The simple subject of the sentence is “everyone”, so the predicate should be singular and not plural. In this sentence, “each of the students” is the subject, so we need a singular predicate. The only answer that contains a singular predicate for the subject “Each of the students” is “Each of the students was sick last week, so the professor canceled the course.” Sometimes the verb comes before the subject. However, the same rules continue to apply to the agreement: they may also use or not connect the parts of the subject. Subjects: linguistics, economics, classical, physics A delicate subject concerns collective names. A collective noun is any noun that represents a larger category comprising several people or elements. Collective names include places where people live (city, county, state, countryside, etc.); teams; businesses; organizations; armies; committees; clubs; political parties; luggage; collections; categories; assemblies; etc. When I say “France,” “IBM,” or “the United States Navy” or “the Greek Orthodox Church,” these are all categories that contain a large number of people, but all are singular nouns and therefore require both singular rejections and singular pronouns. People think of all the people within these categories and are tempted to use plural and plural pronouns: this is one of the favorite traps of the GMAT. Being able to find the right subject and verb will help you correct subject-verb chord errors. The basic rule.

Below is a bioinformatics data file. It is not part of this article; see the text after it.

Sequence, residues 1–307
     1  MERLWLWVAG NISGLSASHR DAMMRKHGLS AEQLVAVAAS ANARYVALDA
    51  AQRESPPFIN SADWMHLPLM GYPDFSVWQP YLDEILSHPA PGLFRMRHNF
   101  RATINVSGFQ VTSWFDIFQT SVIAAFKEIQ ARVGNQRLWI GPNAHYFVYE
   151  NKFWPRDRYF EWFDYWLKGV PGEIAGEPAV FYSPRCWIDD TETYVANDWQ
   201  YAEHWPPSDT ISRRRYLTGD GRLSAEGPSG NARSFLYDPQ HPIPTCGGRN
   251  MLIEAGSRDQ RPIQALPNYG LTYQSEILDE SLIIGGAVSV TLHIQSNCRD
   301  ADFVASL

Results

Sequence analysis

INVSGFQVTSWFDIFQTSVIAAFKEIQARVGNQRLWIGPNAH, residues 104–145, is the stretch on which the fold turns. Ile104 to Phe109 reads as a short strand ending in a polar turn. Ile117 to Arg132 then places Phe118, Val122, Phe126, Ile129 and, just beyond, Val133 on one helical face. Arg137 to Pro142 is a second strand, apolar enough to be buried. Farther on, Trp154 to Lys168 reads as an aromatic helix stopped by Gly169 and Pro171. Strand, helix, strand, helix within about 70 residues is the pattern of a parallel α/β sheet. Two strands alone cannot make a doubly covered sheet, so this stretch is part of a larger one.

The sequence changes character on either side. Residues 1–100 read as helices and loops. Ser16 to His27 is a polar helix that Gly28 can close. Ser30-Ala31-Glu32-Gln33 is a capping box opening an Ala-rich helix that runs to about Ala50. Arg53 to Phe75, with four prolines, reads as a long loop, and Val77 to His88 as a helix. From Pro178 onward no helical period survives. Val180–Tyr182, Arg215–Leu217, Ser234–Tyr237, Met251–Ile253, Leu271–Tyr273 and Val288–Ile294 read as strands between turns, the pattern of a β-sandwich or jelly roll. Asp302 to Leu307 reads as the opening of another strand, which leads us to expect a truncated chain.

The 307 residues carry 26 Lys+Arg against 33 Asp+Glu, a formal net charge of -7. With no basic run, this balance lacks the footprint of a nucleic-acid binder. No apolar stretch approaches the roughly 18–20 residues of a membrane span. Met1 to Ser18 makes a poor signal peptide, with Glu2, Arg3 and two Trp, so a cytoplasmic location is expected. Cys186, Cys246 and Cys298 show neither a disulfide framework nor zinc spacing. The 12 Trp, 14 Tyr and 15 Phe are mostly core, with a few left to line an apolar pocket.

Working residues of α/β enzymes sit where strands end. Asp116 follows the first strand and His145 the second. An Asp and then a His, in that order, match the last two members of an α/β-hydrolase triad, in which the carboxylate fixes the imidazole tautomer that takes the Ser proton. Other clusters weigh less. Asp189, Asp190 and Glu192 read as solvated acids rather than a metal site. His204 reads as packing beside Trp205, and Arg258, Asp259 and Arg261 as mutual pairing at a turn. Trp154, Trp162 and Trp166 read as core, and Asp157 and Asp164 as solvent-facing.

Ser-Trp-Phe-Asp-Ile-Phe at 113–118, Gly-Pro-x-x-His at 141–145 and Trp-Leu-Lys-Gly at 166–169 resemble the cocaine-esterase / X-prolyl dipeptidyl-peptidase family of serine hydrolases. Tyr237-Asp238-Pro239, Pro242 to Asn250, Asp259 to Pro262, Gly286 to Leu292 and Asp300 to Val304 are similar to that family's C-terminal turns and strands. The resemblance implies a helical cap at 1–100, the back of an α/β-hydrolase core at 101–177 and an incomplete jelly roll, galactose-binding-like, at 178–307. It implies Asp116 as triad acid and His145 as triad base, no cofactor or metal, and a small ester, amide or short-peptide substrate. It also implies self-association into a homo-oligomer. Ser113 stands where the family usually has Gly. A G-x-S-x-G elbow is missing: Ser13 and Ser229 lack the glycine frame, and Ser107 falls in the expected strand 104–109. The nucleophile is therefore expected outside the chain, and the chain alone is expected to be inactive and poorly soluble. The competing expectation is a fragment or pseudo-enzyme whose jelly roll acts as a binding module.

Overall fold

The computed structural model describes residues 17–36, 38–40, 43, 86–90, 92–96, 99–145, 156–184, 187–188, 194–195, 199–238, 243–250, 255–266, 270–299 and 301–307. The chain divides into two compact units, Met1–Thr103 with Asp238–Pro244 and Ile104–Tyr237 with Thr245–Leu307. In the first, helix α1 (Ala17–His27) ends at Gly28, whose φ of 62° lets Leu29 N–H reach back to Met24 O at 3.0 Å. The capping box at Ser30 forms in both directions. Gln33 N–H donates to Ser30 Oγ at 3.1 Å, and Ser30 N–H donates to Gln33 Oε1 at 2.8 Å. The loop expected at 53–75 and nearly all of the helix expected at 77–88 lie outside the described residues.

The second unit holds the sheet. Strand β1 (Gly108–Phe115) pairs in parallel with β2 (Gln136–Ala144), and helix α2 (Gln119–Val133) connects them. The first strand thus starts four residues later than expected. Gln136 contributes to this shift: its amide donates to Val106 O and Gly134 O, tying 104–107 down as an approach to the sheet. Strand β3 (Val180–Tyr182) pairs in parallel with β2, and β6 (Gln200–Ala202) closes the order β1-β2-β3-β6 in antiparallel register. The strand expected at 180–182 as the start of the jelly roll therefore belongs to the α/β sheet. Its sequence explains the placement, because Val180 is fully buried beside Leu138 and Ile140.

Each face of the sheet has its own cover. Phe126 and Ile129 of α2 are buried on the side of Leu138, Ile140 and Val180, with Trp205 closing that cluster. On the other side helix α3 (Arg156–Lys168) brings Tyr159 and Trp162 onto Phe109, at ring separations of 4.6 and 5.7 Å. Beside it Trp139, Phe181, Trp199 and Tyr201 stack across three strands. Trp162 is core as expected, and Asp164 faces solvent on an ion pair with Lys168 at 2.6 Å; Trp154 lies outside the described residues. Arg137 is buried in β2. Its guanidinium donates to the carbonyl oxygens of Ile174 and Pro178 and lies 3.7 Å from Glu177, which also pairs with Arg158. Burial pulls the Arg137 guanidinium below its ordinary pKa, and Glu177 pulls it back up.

A singular subject (she, Bill, car) takes a singular verb (is, goes, shines), while a plural meeting takes a plural verb. We can talk about “no student”, “a few students”, “most students”, “every student”, “every student” or “all students”. It is quite easy to find – those who have “students” are singular and those who have “students” are plural. It becomes more difficult when a sentence or amending clause intervenes (“no student, not even …. “, “every student, including…” “), but of course, whether the nouns are singular or plural does not affect the verb – the verb must correspond in number with the subject and only the subject. Over the past few years, the SAT test service has not judged any of you to be strictly singular. According to merriam-Webster`s Dictionary of English Usage: “Obviously, since old English is not both singular and plural, and it is always . . .